Monthly Archives: December 2013
ShareEvery year, during the week before thanksgiving, hundreds of scholars of archaeology and ancient history gather together to share their work and explore new projects and ideas at the Annual Meeting of the American Schools of Oriental Research (ASOR). This … Continue reading
ShareJarret A. Lobell writes for Archaeology Magazine online a review of the contributions “Critter Diggers” have made to the field in 2013. Check out the post at http://archaeology.org/.
ShareThe Barrington Atlas of the Greek and Roman World, in its initial print edition (2000), was a groundbreaking collection of colored and detailed maps of the entire Greco-Roman world “from the British Isles to the Indian subcontinent and deep into … Continue reading
ShareOxford University announced last Tuesday that it is partnering with the Vatican to “make some of the world’s most important Bibles and biblical texts available online.” This massive digitization project includes collections at Bodleian Libraries and the Biblioteca Apostolica Vaticana (BAV) … Continue reading
ShareGoogle announced on Friday that National Geographic will be participating in an effort to make over 500 historic maps available as a layer on Google Maps. As Darrell Etherington writes for techcrunch.com, more than 500 reference and historic maps will be available to … Continue reading
ShareThe definitions for these terms were composed collaboratively by Pamela Koulianos, Sarah Wenner, Carl “CJ” Rice, Kathy Gleditsch and Jayd Lewis as preparation for a Midterm Examination in a course on the History of Rome.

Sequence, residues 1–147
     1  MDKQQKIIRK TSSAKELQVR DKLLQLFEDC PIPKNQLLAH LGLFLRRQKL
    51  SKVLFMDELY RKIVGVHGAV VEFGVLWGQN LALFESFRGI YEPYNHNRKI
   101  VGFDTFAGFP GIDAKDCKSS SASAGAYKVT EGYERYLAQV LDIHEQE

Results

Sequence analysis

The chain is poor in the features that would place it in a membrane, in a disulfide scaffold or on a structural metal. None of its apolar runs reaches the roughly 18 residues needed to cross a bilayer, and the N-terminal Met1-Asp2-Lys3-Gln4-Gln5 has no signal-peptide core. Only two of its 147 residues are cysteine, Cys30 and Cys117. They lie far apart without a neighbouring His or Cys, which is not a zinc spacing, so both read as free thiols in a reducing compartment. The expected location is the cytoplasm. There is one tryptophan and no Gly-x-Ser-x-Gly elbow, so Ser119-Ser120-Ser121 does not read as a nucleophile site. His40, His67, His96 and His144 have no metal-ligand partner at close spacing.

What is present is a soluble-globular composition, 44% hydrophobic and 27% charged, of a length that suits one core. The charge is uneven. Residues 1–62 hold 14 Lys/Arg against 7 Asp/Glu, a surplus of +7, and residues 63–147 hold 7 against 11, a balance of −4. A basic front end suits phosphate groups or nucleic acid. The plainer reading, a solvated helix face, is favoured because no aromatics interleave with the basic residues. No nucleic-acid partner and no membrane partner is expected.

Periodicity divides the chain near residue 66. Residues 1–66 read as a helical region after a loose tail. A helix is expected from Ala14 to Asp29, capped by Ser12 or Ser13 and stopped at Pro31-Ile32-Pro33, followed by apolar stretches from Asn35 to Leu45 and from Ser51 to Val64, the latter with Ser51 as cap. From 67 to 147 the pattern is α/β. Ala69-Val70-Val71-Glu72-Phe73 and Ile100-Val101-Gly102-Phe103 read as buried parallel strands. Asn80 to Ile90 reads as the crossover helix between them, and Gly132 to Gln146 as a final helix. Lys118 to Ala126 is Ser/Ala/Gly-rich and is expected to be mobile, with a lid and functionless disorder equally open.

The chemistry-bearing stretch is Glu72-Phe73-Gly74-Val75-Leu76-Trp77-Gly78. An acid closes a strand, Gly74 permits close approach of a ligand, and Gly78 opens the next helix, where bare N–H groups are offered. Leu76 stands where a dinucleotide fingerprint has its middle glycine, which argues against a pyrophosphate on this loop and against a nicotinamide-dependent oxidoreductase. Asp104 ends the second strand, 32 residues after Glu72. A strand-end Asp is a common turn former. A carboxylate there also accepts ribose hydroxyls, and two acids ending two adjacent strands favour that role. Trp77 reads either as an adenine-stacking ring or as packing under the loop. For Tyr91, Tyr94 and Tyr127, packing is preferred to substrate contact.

ShareAlright- so I am no Aladdin, and it’s not really a magic carpet. But its the closest thing. Today in particular I felt an incredible amount of nostalgia for my true office: Petra. And I thought, the only way you … Continue reading
ShareThis paper was presented by Tiffany Key at the 2013 Annual Meeting of the American Schools of Oriental Research as part of the session, ”Archaeology of Classical Periods,” chaired by Elise A. Friedland (George Washington University). In a 2003 article entitled “Supplying … Continue reading
ShareAs Meredith Bennett-Smith writes for Huffington Post Science, Archaeologists and Geologists from several UK universities claim to have found the source of the Stonehenge Stones. The location of the source, approximately 100 miles away from the current site, could imply that the … Continue reading
ShareNorth Carolina State University graduate students and A&P contributors Tiffany Key and Pamela Koulianos presented their poster, “From Kiln to Table: ‘Ayn Gharandal & the Late Roman Ceramics Trade in Southern Jordan” during the 2013 American Schools of Oriental Research (ASOR) Annual … Continue reading